In the ongoing infantilization of all of us, it’s come to this: A new public service announcement from WarnerMedia, the Ad Council, and the Centers for Disease Control and Prevention (CDC) features digitally enhanced versions of Harry Potter, Wonder Woman, Rick and Ilsa (Humphrey Bogart and Ingrid Bergman) from Casablanca, and others who are now wearing masks as they go about their various feats of heroism and derring-do.
But villainous and morally ambiguous figures such as Voldemort from the Harry Potter series, Dr. Evil from the Austin Powers franchise, Pennywise from It, and Joaquin Phoenix’s Joker are similarly masked up. If we are so sad and stupid as to take our cues from not just celebrities but fictional characters played by celebrities, we might find it confusing that bad people wear masks every bit as much as the good guys. Nevertheless:
“WarnerMedia is proud to help educate and inform our fans about the importance of mask wearing during this pandemic. Wearing a mask is an effective way to protect ourselves and our loved ones from COVID-19. We hope that by seeing some of our favorite heroes and characters masked up, our fans will follow suit. Mask wearing is a simple step we all can take to show up and support our communities during this difficult time,” said Dennis Williams, SVP, Corporate Social Responsibility, WarnerMedia.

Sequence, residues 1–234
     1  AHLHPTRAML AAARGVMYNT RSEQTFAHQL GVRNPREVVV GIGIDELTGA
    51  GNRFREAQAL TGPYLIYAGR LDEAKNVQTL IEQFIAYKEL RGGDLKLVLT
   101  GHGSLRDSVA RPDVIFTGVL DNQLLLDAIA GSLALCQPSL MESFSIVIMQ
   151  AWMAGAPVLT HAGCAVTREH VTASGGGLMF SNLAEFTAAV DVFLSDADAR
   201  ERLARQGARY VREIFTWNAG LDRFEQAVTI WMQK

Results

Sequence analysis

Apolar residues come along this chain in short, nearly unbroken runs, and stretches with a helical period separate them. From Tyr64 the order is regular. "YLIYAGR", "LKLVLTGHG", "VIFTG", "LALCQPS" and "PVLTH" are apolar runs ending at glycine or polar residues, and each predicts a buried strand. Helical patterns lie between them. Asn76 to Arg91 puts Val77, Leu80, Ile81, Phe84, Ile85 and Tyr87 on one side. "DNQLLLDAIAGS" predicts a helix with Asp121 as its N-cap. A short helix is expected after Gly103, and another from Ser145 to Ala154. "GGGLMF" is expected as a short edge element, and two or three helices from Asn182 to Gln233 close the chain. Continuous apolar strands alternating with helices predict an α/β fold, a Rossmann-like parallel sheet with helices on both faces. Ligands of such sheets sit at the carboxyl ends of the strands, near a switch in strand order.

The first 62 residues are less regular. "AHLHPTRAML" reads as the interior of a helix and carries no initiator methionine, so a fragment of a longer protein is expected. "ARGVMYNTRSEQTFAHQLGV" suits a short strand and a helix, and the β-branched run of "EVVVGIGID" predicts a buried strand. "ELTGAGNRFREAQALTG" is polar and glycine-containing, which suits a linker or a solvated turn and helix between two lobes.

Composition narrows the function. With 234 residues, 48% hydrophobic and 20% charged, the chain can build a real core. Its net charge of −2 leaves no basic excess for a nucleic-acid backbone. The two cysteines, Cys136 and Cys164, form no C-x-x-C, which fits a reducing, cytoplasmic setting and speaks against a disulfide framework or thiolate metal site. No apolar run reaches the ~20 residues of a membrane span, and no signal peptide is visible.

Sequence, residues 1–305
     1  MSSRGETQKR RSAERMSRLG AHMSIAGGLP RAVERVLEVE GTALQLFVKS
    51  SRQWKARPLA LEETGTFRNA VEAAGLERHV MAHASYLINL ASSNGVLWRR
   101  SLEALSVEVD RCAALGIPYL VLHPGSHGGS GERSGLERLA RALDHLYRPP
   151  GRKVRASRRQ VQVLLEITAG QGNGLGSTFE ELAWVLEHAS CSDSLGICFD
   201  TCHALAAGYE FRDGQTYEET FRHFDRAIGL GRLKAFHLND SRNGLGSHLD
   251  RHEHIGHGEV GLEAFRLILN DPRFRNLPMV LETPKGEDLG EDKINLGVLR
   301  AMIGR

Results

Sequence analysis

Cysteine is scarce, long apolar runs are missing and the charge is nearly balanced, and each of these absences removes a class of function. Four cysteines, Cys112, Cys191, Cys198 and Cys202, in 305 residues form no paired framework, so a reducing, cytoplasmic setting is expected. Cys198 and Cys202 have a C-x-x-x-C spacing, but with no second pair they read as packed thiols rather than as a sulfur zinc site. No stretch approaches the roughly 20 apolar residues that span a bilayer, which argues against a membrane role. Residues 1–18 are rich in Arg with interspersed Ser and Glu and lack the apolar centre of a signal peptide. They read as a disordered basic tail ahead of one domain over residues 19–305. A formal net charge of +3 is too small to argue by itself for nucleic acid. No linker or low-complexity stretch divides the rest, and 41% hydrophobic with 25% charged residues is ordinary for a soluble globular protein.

Such banal virtue signaling is mostly harmless, I suppose, but to the extent it furthers a metanarrative about the ability of popular culture to command and direct the behaviors of zombie-like consumers, we should push back. Almost four years ago to the day, executives at Red Lobster were claiming Beyonce’s song “Formation”—in which the singer coos “When he fuck me good/I take his ass to Red Lobster”—was responsible for a massive spike in sales (it wasn’t). This sort of alleged influence has a long history, including tales of Clark Gable singlehandedly destroying undershirt sales in Depression America and Fonzie from Happy Days generating a 500 percent increase in library card applications during the Me Decade.
During the 1990s, cultural and political elites alike wanted to believe risque cable TV programs, explicit music lyrics, newly ascendant video games, and unregulated content on the World Wide Web would inspire kids and dumb adults alike to act poorly, inciting rampant crime, high rates of risky sexual behaviors, and epidemic drug use, none of which happened. But creators of popular culture like to exaggerate their influence on behavior and politicians want to regulate things, so it’s an unholy alliance that is rearing its head again in contemporary discussions over the need to regulate social media.
Just as Fonzie didn’t create a nation of readers by getting his library card, Lord Voldemort’s willingness to cover his disturbing visage won’t goose the percentage of mask wearers (already pushing 93 percent, by the way). Still, it would be nice if we could be treated as adults rather than children. And if the CDC in particular would focus on its actual mission of preventing communicable disease.
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